Vampirical Observations (My ‘Summer of Videogames’ continues)

June 12, 2009

 

The best kind of games bleed temporarily into your real life. 
The original Thief, The Dark Project made me wary of streetlights, summoning an inexplicable urge to shoot off the bulbs with arrows.   
The much-maligned but oft-magnificient Mirror’s Edge converted what was previously a patchwork of urban rooftops into pathways, routes, and opportunities for multiple fractures. Often with an ambient soundtrack playing through your head.
The Phoenix Wright series, whose depiction of the justice system was about as accurate as Cricket 97’s idea of cricket, made me seek out every opportunity to shout Objection! and Hold It! (getting the exclamation marks in was the difficult part) in every conversation. Many friendships were lost in that brief, heady, uncertain time.
Vampire The Masquerade goes a step further. Whatever blood-fuelled frenzy channeled the mystic energies responsible for this title (it was undoubtedly blood-fuelled) had uncertain side effects i’m sure the creators were unaware of. What manner of alchemy, pray, makes one return to this game like a ghoul to her sire in the dead of night, promising yourself, rather uncertainly, that just one more quest would satiate the hunger till the next break of dawn.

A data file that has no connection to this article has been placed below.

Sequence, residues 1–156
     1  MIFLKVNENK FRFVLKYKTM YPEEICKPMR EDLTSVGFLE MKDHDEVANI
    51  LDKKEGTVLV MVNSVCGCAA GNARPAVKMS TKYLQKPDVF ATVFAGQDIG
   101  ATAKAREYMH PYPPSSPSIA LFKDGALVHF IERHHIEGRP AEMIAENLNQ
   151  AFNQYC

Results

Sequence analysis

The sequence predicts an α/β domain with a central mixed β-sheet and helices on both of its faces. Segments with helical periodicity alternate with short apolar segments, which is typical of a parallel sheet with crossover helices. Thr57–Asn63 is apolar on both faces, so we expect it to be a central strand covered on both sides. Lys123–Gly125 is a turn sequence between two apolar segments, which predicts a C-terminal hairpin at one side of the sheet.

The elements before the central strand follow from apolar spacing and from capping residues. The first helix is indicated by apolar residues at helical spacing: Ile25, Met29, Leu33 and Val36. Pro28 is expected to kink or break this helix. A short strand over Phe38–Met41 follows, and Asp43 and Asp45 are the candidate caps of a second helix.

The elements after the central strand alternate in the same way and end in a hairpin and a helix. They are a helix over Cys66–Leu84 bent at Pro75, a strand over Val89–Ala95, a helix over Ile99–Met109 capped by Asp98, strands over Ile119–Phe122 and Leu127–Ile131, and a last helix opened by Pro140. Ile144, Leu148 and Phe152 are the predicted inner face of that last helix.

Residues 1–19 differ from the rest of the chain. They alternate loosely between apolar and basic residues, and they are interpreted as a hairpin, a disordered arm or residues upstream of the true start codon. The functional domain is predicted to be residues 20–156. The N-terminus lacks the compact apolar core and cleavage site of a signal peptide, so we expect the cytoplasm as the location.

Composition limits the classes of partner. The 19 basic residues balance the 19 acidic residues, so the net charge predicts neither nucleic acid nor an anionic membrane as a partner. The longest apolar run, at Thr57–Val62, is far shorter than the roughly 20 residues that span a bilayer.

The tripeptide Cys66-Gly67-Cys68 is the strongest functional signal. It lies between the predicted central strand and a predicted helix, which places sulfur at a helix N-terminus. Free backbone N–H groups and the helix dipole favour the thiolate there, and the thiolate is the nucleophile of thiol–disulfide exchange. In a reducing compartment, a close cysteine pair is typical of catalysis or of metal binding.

Infact, after a few days, dawn itself begins to lose its allure. Sunrise is too bright, too piercing. And when the real-world doorbell rings in the middle of your sneaky break-in into a kine apartment, you’re half-tempted to turn and hiss, like a kindred channeling her feeding frenzy. 
See what it did, there? Bloodlines bleeds slang into the real world: it bleeds its language, its unique visual grammar. The very rules that govern its twisted, dark characters and places. 
It’s the most effortlessly intelligent game I’ve played: with a script that oozes style and edge, and situations that make the quests in even Fallout 3 look positively childish.